Time lists three authors for the story: Michael Lemonick, Noah Isakson, and Jeffrey Ressner. But in the interest of full disclosure, the magazine should have listed a fourth: Eugenie Scott, head of the National Center for Science Education (NCSE) and Darwin spin-doctor extraordinaire. Scott is quoted in the article, but she should have been credited as one of the writers, for Time’s reporters simply recycled her spin in their own words. The writers’ effort to attack ID as a sinister secret plot to foist religion on unsuspecting students comes straight out of the NCSE’s playbook.
In the interests of full disclosure, let me say that Genie Scott is a friend and a colleague. I respect and admire her both for her knowledge and brilliance as a spokesperson for quality science and for her kindness and charm as a person. But that full disclosure sets me apart from John West, the associate director of the Discovery Institute and the author of that passage, because, unlike him, I am not going to hide things that might impact on the validity of my statements on the subject. The fact is that the plan to smuggle religion into science classrooms wrapped in a veneer of scientific respectability is not a “sinister secret plot”, it is precisely what the folks at the Discovery Institute themselves have said many times over. But boy, it sure does get under their skin when you quote their own words to them that establish the truth of that motivation.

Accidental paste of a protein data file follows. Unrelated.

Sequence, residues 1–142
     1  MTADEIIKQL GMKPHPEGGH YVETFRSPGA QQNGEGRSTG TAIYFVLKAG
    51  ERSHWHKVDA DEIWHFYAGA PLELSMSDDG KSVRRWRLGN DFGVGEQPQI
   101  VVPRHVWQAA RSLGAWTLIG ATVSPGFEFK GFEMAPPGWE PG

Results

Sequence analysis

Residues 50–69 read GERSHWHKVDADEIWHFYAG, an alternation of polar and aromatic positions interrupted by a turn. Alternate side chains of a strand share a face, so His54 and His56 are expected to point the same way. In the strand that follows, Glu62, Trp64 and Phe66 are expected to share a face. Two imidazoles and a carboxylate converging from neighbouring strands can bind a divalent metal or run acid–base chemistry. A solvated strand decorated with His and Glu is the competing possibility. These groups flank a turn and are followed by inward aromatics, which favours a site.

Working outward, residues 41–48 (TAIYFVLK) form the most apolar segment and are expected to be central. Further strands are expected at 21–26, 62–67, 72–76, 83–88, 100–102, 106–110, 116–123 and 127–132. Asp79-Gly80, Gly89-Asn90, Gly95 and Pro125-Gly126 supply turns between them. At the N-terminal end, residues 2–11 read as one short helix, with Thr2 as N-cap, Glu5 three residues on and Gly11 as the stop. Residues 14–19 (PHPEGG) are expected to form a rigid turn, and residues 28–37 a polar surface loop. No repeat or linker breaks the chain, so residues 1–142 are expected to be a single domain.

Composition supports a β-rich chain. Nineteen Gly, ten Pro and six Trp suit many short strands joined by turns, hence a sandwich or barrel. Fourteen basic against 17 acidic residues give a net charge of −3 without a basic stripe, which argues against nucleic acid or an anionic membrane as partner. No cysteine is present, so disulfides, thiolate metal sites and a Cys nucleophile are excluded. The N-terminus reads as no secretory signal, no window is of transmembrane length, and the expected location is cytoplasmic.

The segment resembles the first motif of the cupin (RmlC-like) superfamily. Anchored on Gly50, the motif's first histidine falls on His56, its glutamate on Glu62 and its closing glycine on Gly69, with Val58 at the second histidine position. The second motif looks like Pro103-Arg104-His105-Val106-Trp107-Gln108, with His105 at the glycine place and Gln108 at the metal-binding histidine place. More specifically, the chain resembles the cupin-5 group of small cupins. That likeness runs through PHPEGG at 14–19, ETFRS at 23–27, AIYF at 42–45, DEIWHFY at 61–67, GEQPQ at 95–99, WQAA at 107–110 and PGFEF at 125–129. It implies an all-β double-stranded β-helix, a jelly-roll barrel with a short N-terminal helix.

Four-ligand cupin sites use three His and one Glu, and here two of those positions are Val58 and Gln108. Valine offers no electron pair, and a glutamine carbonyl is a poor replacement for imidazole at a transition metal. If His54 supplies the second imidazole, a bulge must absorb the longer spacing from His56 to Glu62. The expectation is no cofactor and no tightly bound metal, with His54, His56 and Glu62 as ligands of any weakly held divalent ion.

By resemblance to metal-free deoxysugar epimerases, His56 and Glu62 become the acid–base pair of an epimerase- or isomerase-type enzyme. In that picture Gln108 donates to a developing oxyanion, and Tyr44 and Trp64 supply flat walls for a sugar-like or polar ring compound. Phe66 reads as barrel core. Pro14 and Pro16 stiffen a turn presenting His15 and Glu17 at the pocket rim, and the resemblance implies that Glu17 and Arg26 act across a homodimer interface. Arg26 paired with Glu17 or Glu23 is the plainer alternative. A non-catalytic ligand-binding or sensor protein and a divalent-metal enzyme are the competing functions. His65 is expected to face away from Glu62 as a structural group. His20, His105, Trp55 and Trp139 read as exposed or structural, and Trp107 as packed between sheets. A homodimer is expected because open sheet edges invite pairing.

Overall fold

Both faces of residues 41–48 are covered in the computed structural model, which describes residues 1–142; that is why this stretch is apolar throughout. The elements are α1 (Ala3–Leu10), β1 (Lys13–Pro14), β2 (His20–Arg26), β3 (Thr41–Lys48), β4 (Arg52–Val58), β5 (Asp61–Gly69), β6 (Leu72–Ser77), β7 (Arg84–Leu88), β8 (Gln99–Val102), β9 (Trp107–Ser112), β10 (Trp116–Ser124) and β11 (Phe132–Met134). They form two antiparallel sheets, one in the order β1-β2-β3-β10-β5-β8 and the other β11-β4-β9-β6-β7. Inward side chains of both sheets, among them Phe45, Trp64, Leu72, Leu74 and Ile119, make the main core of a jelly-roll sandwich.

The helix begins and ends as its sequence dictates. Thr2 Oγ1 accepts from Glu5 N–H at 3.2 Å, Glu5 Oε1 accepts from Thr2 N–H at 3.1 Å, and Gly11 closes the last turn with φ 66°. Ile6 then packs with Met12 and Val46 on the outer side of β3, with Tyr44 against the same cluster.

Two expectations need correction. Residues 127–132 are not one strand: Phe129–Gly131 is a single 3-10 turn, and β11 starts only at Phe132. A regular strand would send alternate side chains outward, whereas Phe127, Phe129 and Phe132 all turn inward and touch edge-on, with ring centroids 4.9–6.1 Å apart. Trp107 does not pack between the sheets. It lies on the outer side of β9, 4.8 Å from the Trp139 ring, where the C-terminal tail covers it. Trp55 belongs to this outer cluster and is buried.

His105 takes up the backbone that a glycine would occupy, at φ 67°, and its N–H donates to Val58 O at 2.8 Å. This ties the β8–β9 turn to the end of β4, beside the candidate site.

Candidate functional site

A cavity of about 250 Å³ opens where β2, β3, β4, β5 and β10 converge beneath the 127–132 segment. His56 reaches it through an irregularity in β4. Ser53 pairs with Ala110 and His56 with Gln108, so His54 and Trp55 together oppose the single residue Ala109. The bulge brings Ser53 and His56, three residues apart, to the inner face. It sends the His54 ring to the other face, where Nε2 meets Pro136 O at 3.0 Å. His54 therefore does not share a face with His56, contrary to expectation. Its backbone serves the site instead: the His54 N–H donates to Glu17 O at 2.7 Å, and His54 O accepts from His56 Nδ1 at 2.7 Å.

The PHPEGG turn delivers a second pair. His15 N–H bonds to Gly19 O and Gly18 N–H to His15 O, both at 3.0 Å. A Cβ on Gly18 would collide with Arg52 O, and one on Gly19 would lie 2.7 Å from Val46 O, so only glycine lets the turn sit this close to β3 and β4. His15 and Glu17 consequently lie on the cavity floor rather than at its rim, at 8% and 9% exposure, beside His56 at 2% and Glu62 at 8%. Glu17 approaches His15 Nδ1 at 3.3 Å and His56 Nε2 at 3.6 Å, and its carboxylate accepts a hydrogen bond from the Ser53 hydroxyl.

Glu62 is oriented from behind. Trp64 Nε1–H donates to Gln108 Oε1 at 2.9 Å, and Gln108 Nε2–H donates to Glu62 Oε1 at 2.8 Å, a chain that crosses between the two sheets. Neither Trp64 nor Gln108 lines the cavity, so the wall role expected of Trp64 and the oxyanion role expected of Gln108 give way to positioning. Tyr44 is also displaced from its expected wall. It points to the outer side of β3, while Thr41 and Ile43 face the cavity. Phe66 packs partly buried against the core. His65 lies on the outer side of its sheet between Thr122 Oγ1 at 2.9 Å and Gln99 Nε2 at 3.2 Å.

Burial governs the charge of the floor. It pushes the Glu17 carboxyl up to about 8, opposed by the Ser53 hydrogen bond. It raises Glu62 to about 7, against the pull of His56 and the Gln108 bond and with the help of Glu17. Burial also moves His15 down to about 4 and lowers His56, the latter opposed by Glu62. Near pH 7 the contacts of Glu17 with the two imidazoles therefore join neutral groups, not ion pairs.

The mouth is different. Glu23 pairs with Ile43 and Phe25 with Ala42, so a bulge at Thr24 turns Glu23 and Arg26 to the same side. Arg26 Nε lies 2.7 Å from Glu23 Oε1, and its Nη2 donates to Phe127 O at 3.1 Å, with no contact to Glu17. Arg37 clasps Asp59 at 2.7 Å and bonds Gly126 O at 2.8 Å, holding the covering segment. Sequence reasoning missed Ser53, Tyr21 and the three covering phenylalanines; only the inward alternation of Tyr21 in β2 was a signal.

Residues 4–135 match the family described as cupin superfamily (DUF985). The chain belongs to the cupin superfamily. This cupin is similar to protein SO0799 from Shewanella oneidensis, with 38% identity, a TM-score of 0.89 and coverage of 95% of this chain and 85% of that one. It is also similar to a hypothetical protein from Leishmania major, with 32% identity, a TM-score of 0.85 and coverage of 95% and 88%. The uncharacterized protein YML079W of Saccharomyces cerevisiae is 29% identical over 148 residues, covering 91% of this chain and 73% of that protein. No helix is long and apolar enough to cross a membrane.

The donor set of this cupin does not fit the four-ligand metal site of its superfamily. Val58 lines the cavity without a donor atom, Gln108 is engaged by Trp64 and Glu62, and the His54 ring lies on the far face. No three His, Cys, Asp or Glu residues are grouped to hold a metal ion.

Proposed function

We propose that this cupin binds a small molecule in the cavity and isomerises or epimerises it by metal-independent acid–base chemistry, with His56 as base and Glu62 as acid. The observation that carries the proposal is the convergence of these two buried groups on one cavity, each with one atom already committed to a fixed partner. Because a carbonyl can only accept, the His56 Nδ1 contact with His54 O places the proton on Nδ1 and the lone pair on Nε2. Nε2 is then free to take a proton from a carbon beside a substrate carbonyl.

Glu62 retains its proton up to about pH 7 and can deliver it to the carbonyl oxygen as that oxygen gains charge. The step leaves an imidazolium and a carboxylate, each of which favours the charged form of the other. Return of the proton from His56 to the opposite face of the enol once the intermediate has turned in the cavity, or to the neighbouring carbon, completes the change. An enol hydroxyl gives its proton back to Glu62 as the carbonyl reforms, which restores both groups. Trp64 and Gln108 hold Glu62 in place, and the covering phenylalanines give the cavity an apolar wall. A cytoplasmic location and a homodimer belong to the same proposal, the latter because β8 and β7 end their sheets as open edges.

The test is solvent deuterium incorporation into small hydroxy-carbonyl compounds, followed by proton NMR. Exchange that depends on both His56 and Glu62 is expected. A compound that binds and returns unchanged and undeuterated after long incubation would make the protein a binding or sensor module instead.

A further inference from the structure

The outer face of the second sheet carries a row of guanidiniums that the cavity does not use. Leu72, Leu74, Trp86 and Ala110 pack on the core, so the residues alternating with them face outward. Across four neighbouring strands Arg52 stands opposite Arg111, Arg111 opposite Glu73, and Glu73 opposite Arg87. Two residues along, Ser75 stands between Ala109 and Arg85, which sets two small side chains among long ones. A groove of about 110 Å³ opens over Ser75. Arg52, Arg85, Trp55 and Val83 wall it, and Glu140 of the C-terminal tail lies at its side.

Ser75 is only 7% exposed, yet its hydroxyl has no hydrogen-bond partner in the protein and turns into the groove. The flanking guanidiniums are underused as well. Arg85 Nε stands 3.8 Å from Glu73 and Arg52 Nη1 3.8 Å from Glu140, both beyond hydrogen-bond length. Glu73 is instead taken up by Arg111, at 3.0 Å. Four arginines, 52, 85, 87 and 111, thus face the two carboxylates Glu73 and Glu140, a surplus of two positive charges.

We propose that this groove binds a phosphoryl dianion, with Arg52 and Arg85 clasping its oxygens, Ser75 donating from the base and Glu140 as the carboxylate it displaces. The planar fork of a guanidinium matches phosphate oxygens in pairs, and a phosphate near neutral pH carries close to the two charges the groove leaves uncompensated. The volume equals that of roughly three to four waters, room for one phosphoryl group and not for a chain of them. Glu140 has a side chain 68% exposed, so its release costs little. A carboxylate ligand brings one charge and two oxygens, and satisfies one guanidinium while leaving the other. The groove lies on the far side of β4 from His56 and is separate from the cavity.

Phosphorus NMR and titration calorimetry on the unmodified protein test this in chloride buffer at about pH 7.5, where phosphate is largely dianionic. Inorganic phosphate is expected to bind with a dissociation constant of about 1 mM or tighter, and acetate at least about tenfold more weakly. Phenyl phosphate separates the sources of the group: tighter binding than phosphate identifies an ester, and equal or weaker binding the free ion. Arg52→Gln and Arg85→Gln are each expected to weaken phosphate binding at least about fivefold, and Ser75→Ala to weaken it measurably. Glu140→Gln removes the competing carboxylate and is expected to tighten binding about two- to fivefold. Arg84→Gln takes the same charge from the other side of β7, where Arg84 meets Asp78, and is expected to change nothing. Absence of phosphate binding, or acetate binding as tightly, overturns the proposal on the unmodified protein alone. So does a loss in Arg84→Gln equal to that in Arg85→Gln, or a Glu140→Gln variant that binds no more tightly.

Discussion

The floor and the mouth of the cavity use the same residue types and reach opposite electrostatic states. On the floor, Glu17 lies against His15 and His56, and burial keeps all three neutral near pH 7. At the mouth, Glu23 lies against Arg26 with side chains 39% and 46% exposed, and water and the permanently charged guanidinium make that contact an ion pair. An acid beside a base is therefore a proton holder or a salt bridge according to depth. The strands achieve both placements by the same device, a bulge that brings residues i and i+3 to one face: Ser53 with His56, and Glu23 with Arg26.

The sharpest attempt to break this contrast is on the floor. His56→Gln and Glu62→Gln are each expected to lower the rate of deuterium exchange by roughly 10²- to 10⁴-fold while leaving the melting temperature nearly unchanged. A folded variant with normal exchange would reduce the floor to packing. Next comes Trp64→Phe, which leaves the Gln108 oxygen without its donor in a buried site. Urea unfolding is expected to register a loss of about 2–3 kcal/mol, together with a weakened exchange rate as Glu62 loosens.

What better admission of that motivation could you find than Phillip Johnson, the godfather of the ID movement, saying, “If we understand our own times, we will know that we should affirm the reality of God by challenging the domination of materialism and naturalism in the world of the mind. With the assistance of many friends I have developed a strategy for doing this….We call our strategy the ‘wedge.'” Further detailing the goals of the Wedge strategy, Johnson said in 1999, “The objective is to convince people that Darwinism is inherently atheistic, thus shifting the debate from creationism vs. evolution to the existence of God vs. the non-existence of God. From there people are introduced to ‘the truth’ of the Bible and then ‘the question of sin’ and finally ‘introduced to Jesus.'”
Likewise William Dembski, the most influential and well known ID “theorist”, who has said that, “Intelligent design readily embraces the sacramental nature of physical reality. Indeed, intelligent design is just the Logos theology of John’s Gospel restated in the idiom of information theory.” Or Dembski’s former assistant director at the Polanyi Center at Baylor, Bruce Gordon, who forthrightly said that the ID movement has been “hijacked as part of a larger cultural and political movement” and has become “an exercise in Christian ‘cultral renewal’,” a clear reference to the DI’s Center for (the Renewal of) Science and Culture.
The fact is that if the media portrays ID as a plan to restore the role of Christianity in society wrapped in scientific-sounding language, it is not because they are borrowing a page from the NCSE playbook, it’s because they are reading the words of the DI’s many fellows who have admitted that to be their motivation and their goal. They are upset by this not because the media is lying about them, but because they are telling the truth about them and using their own words to do it.